Why is one building automation controls solution chosen over another?
While many may assume it’s primarily based on price or product quality, it’s worth contemplating that, even though those factors can be significant, most of our products and price points are quite similar.
So, what truly sets them apart?
Intangibles. These intangible elements are often challenging to articulate, frequently underestimated, yet consistently play a pivotal role in influencing purchasing decisions.
Industry veteran and marketing doyen Marc Petock offers insights into uncovering your company’s intangible strengths and harnessing them to gain a competitive advantage.
Marc Petock: Vice President, Chief Marketing & Communications Officer Lynxspring
Intangibles. Are You Leaving Them on the Table?
Intangible assets. Often overlooked and not brought up in most sales and marketing conversations.
So, what is an intangible asset? Intangible assets typically refer to elements of a company offering that are not physical in nature. They are part of the overall value propositions but cannot be physically touched by customers. They include elements that reflect the company providing the products and services, such as longevity, experience, integrity, domain knowledge, brand, trademarks, goodwill, reputation, flexibility, trust, reliability, consistency and more.
In today’s market environment, not including intangibles as part of a sales and marketing conversation can no longer be the case. Intangible differentiators must be an integral part of value propositions. They are an integral part of your company’s brand.
You should know what your company’s intangible value(s) are. Do you? Formalizing intangibles is not an easy task. How do you get started?
I recently came across the following five steps that you may find useful:
1. Identify the list of your critical intangible differentiators: gather a multi-functional team and go through a brainstorming session. List all potential intangible differentiators after you remove all duplicate answers. You should end up with a shortlist of a dozen intangible elements.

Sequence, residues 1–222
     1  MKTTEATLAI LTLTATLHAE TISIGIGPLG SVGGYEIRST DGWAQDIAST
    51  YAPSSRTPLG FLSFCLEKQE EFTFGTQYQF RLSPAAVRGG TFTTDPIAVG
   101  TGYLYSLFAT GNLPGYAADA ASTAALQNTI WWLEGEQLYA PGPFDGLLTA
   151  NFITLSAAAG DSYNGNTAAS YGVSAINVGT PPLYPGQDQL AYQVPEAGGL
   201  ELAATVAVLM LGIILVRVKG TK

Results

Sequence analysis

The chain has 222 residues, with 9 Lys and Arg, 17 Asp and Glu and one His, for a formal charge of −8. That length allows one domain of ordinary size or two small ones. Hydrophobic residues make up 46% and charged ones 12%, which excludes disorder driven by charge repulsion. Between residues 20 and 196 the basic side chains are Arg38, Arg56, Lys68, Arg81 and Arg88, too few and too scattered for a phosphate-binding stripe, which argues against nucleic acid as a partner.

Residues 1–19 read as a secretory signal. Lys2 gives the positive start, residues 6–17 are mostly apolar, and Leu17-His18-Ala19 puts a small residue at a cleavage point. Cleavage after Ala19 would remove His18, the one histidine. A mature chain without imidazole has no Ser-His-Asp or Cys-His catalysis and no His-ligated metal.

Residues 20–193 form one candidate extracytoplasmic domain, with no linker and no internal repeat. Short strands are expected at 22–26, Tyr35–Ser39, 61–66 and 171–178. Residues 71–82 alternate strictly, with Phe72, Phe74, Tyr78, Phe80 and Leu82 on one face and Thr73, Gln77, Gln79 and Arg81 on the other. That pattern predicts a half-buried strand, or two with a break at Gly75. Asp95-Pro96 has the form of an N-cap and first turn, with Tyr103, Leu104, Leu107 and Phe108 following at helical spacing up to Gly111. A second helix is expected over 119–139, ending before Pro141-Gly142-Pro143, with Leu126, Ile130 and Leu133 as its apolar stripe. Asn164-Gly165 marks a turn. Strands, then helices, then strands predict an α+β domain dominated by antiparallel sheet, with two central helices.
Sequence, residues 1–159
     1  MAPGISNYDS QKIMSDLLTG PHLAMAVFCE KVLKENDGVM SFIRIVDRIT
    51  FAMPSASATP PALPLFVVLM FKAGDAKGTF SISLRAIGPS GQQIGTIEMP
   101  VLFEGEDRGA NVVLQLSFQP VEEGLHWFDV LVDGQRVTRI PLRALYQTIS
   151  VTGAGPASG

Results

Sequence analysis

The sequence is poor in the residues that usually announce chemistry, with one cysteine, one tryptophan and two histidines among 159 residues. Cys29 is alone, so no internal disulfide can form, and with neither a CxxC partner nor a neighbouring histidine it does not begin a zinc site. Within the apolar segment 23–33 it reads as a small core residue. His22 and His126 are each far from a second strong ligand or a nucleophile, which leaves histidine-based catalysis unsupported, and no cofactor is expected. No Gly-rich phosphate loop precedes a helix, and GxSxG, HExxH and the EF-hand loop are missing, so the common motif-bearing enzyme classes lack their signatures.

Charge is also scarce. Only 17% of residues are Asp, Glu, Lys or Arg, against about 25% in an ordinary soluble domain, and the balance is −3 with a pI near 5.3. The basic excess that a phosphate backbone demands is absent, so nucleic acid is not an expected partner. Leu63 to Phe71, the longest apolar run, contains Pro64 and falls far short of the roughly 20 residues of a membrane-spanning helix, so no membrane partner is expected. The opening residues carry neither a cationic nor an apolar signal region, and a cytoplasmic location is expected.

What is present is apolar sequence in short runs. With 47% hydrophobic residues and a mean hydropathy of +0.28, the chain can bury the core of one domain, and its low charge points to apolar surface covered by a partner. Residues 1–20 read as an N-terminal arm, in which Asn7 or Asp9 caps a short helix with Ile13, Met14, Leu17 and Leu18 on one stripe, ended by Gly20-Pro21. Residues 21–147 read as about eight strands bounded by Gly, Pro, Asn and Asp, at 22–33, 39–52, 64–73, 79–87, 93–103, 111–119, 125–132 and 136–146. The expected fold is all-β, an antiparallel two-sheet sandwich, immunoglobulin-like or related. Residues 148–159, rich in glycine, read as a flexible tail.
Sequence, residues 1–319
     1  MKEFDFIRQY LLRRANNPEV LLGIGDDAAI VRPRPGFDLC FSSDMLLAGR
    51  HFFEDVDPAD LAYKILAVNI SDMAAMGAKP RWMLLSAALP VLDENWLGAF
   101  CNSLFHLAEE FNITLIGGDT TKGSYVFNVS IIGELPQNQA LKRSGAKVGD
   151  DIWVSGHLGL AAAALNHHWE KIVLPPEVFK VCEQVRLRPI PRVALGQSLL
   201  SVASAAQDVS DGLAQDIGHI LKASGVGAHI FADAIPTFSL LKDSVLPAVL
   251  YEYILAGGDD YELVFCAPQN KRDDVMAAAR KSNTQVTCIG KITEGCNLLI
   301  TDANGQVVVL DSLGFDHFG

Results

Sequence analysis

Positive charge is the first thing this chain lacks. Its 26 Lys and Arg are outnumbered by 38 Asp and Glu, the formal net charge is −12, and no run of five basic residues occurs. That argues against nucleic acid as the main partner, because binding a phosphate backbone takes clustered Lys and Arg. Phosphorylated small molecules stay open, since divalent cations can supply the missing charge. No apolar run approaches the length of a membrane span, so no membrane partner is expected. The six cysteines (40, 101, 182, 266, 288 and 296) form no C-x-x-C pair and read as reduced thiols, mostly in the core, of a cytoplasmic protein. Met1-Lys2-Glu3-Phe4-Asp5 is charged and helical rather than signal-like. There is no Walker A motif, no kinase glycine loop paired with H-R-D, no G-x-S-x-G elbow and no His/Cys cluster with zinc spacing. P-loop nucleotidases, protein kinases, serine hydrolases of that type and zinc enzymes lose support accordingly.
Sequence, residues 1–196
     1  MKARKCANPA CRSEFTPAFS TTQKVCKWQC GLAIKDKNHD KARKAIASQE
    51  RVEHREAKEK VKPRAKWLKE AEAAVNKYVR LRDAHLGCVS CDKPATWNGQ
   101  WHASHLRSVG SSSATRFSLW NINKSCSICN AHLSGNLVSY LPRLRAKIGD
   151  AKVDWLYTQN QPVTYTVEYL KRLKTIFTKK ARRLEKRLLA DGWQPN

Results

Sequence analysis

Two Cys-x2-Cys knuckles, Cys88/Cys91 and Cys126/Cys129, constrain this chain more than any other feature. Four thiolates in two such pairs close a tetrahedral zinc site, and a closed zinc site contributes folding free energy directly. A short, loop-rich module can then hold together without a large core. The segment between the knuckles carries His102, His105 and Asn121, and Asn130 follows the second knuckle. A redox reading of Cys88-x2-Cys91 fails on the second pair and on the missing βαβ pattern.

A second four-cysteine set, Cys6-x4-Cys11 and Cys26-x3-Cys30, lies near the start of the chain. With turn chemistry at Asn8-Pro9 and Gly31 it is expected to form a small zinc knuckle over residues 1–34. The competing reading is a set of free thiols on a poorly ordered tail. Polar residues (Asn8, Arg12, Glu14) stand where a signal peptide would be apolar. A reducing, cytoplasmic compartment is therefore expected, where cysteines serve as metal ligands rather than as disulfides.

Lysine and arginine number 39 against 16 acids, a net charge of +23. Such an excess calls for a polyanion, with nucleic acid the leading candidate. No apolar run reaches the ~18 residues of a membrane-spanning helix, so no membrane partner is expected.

2. Prioritize those differentiators: Rate your differentiators using the VRIO framework: V = does this bring economic value to customers; R = is it rare to find in the market”; I = can you be imitated in the market? O=are you organized to exploit the intangible differentiator? Use a 1 to 10 scale and calculate a total score out of forty points. Select the top 3 to 5 by considering the highest score, the highest score on the V, then a highest score on the I. You need to focus on the intangibles that bring the highest economic value to customers. For example, if you have the greatest level of operational flexibility, you might save customer money by reducing the operation risk of shutting down their line if they did not plan properly.
3. “Productize” them by translating them into formal activities and programs: This is the most crucial step of the process. Intangibles must be translated into concrete programs and activities. They cannot stay in the form of actions, ideas, or intentions. For example, if you offer great operational flexibility, you need to list the specific activities that are included into the program: change-order time, capacity allocation, volume allocation for the next budget cycle, ability to adjust production planning, stock availability, minimum order quantities, etc.
4. Estimate the economic value of each of the programs and activities: This is the value-modeling exercise during which we turn intangible differentiators into customer benefits, and then into value drivers. We then quantify the financial impact of the program and/or activity for the customers. This step requires a deep knowledge of the customer process and profit-and-loss statement. If, for example, production flexibility is a key differentiator, it means we can avoid the risk of shutting down customer plants or we can save the customer money by not having to expedite shipments or hold high quantities of stock. That is translated into dollar savings per order, per production run, or per shipment. You repeat this exercise for each intangible program or activity.
5. Produce relevant value documents: The last step is to capture the richness of these exercises and to design formal customer-value-proposition documents, value selling sheets, battle cards, value case studies, etc. These value assets are used to train the sales team on the “intangible” products so that they can use them to justify price premiums and resist the need to offer discounts.
Companies, no matter the industry including building controls, can no longer ignore the importance of intangible dimensions of their customer value proposition. Intangible value drivers cannot be an afterthought. It is no longer an option. It is a must-do.
Well said Marc! One behalf of the ControlTrends Community, thank you!